An O(n log n) algorithm for maximum stflow in a directed planar graph
"... We give the first correct O(n log n) algorithm for finding a maximum stflow in a directed planar graph. After a preprocessing step that consists in finding singlesource shortestpath distances in the dual, the algorithm consists of repeatedly saturating the leftmost residual stot path. ..."
Abstract

Cited by 28 (0 self)
 Add to MetaCart
We give the first correct O(n log n) algorithm for finding a maximum stflow in a directed planar graph. After a preprocessing step that consists in finding singlesource shortestpath distances in the dual, the algorithm consists of repeatedly saturating the leftmost residual stot path.
Efficient and simple generation of random simple connected graphs with prescribed degree sequence
 in The Eleventh International Computing and Combinatorics Conference, Aug. 2005, kumming
, 2005
"... degree sequence ..."
An Experimental Analysis of Change Propagation in Dynamic Trees
, 2005
"... Change propagation is a technique for automatically adjusting the output of an algorithm to changes in the input. The idea behind change propagation is to track the dependences between data and function calls, so that, when the input changes, functions affected by that change can be reexecuted to u ..."
Abstract

Cited by 21 (13 self)
 Add to MetaCart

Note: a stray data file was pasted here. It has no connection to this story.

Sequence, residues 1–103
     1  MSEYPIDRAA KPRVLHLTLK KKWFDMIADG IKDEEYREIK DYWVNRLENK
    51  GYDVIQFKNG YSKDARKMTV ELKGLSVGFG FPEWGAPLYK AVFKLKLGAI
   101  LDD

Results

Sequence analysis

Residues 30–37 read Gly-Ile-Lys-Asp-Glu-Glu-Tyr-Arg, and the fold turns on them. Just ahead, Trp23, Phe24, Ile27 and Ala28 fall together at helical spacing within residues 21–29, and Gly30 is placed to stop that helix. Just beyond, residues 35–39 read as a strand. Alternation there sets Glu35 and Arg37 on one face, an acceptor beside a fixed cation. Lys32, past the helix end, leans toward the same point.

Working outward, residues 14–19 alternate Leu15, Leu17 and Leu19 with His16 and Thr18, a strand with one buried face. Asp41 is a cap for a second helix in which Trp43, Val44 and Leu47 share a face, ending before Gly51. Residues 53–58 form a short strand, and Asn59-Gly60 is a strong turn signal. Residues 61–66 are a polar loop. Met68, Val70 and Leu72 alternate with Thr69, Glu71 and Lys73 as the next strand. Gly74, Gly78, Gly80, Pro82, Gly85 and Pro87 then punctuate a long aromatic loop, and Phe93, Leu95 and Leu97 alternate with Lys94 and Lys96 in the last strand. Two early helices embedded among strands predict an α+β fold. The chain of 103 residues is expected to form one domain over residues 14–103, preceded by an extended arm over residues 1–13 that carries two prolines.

Change propagation is a technique for automatically adjusting the output of an algorithm to changes in the input. The idea behind change propagation is to track the dependences between data and function calls, so that, when the input changes, functions affected by that change can be reexecuted to update the computation and the output. Change propagation makes it possible for a compiler to dynamize static algorithms. The practical effectiveness of change propagation, however, is not known. In particular, the cost of dependence tracking and change propagation may seem significant. The contributions of the paper are twofold. First, we present some experimental evidence that change propagation performs well when compared to direct implementations of dynamic algorithms. We implement change propagation on treecontraction as a solution to the dynamic trees problem and present an experimental evaluation of the approach. As a second contribution, we present a library for dynamictrees that support a general interface and present an experimental evaluation by considering a broad set of applications. The dynamictrees library relies on change propagation to handle edge insertions/deletions. The applications that we consider include path queries, subtree queries, leastcommonancestor queries, maintenance of centers and medians of trees, nearestmarkedvertex queries, semidynamic minimum spanning trees, and the maxflow algorithm of Sleator and Tarjan.